I haven’t read a lot of books by Nora Roberts, despite her prolific output. I borrowed this one, as it appeared to be a stand alone in comparison to most of her trilogies, and I didn’t realize at first that it was published way back in the late 1980s! I suppose it was a testament to the story that it didn’t jump out at me immediately that there were no cell phones or Google searches. However, that doesn’t mean it was all good!
The main premise is that someone is killing young blonde women in Washington D.C. , leaving a note behind that their sins have been forgiven. This serial killer is dubbed “The Priest”, and the hunt for him is led by two detectives, Ben Paris and his partner (whose name I’ve already forgotten). Their boss brings in Tess Court, a psychiatrist, to do a profile of the killer and this doesn’t go down well with Ben. He has a beef with psychiatrists ever since his older brother had some mental issues and ended up killing himself. Needless to say, he clashes with Tess but naturally there’s sparks between them as well. Ben is a stereotypical 80s cop that you would expect – he smokes, he drives a fast car, he’s dark and brooding and handsome, and he isn’t interested in a serious romantic relationship. In fact, Ben’s opinions are very misogynistic taken in today’s context. He’s like the heroes in historical romance who are rakes that don’t want to marry until it’s absolutely necessary to produce an heir and a spare, but manage to find true love when they don’t expect it.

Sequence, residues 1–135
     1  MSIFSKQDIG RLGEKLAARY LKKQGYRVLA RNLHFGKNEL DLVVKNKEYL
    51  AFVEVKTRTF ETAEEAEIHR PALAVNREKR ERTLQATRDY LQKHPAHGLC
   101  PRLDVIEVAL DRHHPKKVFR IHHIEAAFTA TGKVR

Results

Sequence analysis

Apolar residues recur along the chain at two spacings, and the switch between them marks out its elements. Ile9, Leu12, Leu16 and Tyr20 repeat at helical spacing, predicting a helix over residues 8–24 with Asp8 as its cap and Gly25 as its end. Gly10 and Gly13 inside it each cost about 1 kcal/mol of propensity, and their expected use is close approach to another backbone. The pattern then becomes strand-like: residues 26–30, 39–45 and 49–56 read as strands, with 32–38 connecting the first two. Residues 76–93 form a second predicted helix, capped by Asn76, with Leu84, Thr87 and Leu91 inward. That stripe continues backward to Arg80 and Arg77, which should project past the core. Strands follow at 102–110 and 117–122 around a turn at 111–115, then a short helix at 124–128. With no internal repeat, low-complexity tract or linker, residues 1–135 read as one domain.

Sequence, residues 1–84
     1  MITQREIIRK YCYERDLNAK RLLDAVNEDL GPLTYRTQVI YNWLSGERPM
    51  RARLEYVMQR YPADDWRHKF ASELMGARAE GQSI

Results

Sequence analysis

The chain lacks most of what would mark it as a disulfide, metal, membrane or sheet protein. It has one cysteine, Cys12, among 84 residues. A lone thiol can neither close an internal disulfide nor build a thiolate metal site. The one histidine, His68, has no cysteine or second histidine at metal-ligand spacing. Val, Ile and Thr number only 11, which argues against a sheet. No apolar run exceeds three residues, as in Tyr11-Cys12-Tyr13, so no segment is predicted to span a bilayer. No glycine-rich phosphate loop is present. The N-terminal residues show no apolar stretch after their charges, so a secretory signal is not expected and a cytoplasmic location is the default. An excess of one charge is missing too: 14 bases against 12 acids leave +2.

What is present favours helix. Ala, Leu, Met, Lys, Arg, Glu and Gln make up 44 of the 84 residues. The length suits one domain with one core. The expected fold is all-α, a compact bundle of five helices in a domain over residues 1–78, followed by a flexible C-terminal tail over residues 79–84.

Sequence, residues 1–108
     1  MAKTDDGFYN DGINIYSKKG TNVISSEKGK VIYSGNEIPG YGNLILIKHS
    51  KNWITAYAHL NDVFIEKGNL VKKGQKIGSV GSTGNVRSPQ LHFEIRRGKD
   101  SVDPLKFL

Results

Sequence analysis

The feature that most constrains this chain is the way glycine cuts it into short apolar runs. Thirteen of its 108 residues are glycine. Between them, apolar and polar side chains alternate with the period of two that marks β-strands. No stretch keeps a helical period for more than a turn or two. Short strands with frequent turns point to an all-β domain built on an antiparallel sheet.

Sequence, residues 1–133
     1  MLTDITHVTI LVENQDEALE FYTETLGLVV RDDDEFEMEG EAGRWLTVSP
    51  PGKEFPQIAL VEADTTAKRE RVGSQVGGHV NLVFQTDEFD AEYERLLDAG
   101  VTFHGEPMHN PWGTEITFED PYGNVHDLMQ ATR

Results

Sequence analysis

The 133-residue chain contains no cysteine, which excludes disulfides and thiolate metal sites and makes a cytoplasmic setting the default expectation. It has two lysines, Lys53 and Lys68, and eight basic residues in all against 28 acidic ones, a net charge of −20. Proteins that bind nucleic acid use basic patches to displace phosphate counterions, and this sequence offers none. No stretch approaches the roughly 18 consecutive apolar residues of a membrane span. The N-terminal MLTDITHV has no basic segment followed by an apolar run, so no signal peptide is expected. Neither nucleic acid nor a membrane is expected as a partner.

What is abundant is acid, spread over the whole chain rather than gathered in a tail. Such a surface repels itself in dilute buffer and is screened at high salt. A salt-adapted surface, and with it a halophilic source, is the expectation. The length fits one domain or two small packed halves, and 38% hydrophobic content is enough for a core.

Tess is portrayed as calm and reserved, intending to give her opinion on the case and stay out of it. She’s got a busy schedule as it is, but she inevitably ends up being more involved than expected. Her relationship with Ben hums along quickly, even though he seemed to constantly comment that she’s too detached and cold when it came to the victims. She doesn’t fall to pieces at a crime scene, and he can’t wrap his head around the fact that she has to be just as professional about the situation as he is. Then it becomes clear that Tess is the next target for the killer, and they have to work together to find the killer before he strikes again.
Overall, the plot reminded me of either Criminal Minds (or several other police procedural TV shows), and nothing too ground breaking. There’s a side story involved with Tess and one of her other patients that didn’t really fit into the storyline, and I could have done without it. The other issue I had was the constant head-hopping that went on – every paragraph sometimes was from a different character’s POV and it was jarring. I don’t know if this an issue with all of her books, but I found it annoying. I’m sure Ms Roberts has legions of fans out there, but I think it will be awhile before I pick up another one of her books.